Hurricane Mountain’s refurbished fire tower affords a panoramic vista from Lake Champlain to the High Peaks.
By Lisa Densmore Ballard
One week last June, an endless series of rainstorms drenched the Adirondack Park, leaving me housebound. When the skies finally cleared, I was anxious to get on the trail, but where to go? I settled on Hurricane Mountain, one of my favorite peaks for its bald summit and its 360-degree view.
Although not a four-thousand-footer, Hurricane is a prominent mountain, visible from many of the eastern High Peaks. It is a recognizable landmark because of its fire tower, which continues to pierce the sky even though its useful life ended several decades ago … or so I thought.
Hurricane Mountain (elevation 3,694 feet) is the centerpiece of the 13,784-acre Hurricane Mountain Wilderness. When I last climbed the peak in 2008, the tower was closed, its lowest flight of steps removed. At the time, I assumed the tower would eventually be removed, which has been the fate of other towers in Wilderness Areas.
As I pulled into the small parking area by the trailhead on State Route 9N, between Keene and Elizabethtown, I knew the tower was still standing. I had recently seen it from atop other peaks, but I had no expectation of climbing the condemned structure. The exercise, the chance to photograph flora and fauna, and the viewpoints along the 3.4-mile path to the summit were the main draws.
There’s something about hiking alone with my camera that makes me more observant of my surroundings. Without conversation with friends and family, my eyes wander more, taking in the minute details of my surroundings. My hearing and sense of smell become more acute, too, picking up the rustling of unseen squirrels busily caching food and faint whiffs of tart-sweet balsam.
On that crisp fifty-five-degree morning, a week shy of the summer solstice, my senses were particularly honed after the cleansing rain. I could smell the pine sap, so pungent in one spot it reminded me of turpentine that could be distilled from it. But I paid the strong scent little heed. I was more curious about the unseen birds that chirped incessantly as I passed below their leafy perches.
Hurricane Mountain is part of the Lake Champlain Birding Trail. It’s a known location for rare birds that inhabit the boreal forest, such as Bicknell’s thrush and boreal chickadee. Though the boreal zone was still 1,900-feet above me, I was hopeful some of the other birds from the 153 documented species in the Hurricane Mountain area would alight near me.
After only a tenth of a mile of climbing, the trail opened onto a ledge laden with blueberries still a month from ripening. Though the view directly ahead (south) across Route 9N was blocked by the ridge formed by Tripod and Knob Lock mountains, the profile of Big Slide jutted from behind other minor peaks to the southwest, a foretaste of views to come.
About a half-mile into the hike, the trail flattened. I crossed a stream on a log bridge, then found myself in a broad marsh. Ever hopeful for a rare-bird sighting and knowing that marshes are often frequented by avian wildlife, I paused mid-puncheon to scan the barren, crooked tree limbs that poked from the tall, watery grass. I wondered if the marsh was the work of a local beaver but could see no lodge or evidence of gnawed lumber. There was no sign of bird life, either.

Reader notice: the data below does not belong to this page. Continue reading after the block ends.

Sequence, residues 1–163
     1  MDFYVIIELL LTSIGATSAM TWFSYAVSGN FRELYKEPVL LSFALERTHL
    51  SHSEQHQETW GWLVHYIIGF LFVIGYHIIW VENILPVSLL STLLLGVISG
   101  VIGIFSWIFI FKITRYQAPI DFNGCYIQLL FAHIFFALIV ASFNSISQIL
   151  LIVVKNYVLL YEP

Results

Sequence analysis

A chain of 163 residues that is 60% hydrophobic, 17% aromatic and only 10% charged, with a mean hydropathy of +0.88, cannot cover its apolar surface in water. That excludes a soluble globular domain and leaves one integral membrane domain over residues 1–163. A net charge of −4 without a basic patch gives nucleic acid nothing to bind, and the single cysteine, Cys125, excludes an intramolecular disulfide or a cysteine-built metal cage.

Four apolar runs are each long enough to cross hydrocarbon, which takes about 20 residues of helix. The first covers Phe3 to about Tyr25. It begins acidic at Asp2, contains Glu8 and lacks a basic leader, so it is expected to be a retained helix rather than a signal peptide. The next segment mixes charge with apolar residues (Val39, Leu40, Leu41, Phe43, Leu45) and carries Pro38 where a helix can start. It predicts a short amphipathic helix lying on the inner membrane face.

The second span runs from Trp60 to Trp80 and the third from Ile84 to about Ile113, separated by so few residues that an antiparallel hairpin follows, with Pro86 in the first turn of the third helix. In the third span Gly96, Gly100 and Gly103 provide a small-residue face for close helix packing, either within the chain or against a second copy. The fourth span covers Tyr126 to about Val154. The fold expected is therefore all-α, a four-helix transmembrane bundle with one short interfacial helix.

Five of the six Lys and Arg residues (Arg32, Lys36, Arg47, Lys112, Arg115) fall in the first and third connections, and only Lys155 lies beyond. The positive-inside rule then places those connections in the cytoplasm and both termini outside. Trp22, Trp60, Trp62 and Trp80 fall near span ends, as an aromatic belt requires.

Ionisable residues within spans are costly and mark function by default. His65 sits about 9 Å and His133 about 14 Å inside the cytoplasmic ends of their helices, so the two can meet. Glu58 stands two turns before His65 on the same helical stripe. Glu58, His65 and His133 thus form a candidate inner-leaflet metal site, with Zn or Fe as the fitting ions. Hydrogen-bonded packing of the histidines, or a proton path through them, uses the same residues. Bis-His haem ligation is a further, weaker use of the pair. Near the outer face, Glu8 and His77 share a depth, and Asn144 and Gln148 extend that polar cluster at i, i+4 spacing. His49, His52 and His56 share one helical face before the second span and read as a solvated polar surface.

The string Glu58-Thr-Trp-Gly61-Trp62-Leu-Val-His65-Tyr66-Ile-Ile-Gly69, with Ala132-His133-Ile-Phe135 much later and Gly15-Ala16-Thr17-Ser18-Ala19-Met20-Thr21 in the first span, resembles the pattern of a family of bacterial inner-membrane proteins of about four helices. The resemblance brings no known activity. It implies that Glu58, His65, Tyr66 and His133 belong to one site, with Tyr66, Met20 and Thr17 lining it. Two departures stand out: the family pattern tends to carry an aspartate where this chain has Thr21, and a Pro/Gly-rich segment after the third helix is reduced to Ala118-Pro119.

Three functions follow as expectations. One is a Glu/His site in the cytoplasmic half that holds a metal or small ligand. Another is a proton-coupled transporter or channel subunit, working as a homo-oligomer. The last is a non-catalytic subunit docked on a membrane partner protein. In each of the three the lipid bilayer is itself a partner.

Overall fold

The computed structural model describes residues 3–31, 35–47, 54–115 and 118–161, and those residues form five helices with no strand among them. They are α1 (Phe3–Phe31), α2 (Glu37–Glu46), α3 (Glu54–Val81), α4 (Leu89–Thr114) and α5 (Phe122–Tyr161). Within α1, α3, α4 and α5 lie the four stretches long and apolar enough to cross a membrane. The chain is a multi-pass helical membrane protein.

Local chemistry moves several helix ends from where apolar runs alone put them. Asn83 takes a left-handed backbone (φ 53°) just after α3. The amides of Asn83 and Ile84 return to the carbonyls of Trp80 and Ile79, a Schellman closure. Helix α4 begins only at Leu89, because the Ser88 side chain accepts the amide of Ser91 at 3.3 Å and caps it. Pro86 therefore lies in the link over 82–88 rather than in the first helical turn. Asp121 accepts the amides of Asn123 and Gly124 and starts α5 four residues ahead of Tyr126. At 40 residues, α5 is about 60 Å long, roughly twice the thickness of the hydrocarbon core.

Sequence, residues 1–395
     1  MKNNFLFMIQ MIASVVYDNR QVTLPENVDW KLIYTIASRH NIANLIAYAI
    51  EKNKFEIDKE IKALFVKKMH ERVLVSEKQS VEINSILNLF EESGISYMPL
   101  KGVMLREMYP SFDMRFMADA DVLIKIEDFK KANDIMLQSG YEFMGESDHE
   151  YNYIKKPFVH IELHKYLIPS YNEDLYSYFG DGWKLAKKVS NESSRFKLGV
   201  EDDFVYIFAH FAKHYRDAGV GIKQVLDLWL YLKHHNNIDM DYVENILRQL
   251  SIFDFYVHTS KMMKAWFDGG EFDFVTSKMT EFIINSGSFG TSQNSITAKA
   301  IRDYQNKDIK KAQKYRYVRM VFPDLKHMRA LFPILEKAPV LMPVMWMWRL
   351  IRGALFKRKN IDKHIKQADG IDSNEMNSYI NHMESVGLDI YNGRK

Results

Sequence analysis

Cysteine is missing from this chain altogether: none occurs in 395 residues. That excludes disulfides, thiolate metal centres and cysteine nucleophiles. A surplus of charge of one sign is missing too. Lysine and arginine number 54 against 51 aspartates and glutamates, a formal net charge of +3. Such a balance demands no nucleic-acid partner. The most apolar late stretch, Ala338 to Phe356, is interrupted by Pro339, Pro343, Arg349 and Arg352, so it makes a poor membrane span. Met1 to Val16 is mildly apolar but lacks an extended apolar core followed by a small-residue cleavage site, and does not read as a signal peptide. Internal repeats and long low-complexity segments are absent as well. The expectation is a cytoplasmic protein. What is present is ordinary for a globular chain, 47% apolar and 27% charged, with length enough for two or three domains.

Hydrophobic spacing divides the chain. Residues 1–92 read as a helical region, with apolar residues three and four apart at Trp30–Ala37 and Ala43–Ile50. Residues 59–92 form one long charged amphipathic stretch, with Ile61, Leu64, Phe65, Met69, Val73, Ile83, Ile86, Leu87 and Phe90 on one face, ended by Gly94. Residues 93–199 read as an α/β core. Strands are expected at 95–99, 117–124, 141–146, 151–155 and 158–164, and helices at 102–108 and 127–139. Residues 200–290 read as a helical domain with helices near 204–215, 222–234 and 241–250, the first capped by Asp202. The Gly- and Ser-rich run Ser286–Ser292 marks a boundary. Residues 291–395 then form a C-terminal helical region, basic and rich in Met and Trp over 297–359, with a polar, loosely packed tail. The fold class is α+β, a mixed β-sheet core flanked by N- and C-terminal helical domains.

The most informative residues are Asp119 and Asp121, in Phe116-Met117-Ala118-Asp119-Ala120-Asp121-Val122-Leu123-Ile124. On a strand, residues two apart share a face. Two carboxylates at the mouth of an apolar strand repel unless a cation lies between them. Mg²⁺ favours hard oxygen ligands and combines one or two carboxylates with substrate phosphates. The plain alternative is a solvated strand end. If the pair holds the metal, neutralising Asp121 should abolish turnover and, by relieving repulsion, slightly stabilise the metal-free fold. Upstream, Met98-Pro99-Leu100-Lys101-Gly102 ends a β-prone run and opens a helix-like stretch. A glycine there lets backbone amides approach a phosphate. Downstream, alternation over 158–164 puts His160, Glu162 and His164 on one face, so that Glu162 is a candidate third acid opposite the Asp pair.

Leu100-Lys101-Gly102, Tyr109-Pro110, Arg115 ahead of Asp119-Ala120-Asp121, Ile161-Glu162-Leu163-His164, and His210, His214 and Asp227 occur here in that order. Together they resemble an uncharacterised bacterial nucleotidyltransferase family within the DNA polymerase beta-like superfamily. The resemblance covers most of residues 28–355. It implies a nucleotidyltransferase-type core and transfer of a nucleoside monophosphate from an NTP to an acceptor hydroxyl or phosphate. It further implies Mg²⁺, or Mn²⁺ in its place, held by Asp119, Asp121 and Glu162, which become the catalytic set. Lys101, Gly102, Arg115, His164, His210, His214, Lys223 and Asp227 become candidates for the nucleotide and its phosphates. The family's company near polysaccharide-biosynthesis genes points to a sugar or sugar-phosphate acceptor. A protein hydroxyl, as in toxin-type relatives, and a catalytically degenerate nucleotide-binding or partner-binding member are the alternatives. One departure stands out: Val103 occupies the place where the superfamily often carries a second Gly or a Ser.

Directions: From the junction of NY9 and 9N in Elizabethtown, go 6.6 miles west on 9N toward Keene. The trailhead is on the right side of the road. Alternatively, from the junction of NY 9N and NY73 southeast of Keene, drive 3.6 miles east on 9N. The trailhead will be on the left.
I walked down another stretch of puncheon, pausing again, this time above a shallow, sandy-bottomed stream that wound its way through the bog. I noticed something moving in the clear water, but it wasn’t a fish. I crouched down for a closer look. A salamander swam below me, then froze, suspended in the shallow water column as soon as it saw me. A couple of other salamanders floated nearby under the water, their pinkish spots catching the sunlight, and undoubtedly hoped the lurking large predator above them (me) would fail to catch them.
After watching the unanimated amphibians for a few minutes, I continued on. The trail soon gained noticeable elevation. At about 1.6 miles, it turned much rougher and steeper, ascending a washed-out, slabby section. Then, after more persistent climbing, it passed through a scattered stand of striped maple on a small shoulder of the mountain.
As I scanned the airy woods for birds, I took in the characteristics of the trail. Much of it had been rerouted since the last time I trekked here eight years ago. The new sections avoided many of the old washouts except the one I had just ascended. The improvements lengthened the route by 0.8 mile, from 2.6 miles to 3.4 miles, thanks to more switchbacks and detours, but the footing was noticeably better.
A few minutes later, the trail traversed a fern carpet, then climbed steadily again to a small rock outcropping. From this higher lookout, I could see the distinctive nipple atop Nippletop Mountain as well as numerous other four-thousand-footers in the eastern High Peaks, but I didn’t dally long despite the fantastic view. The summit felt close, and I was anxious to get there.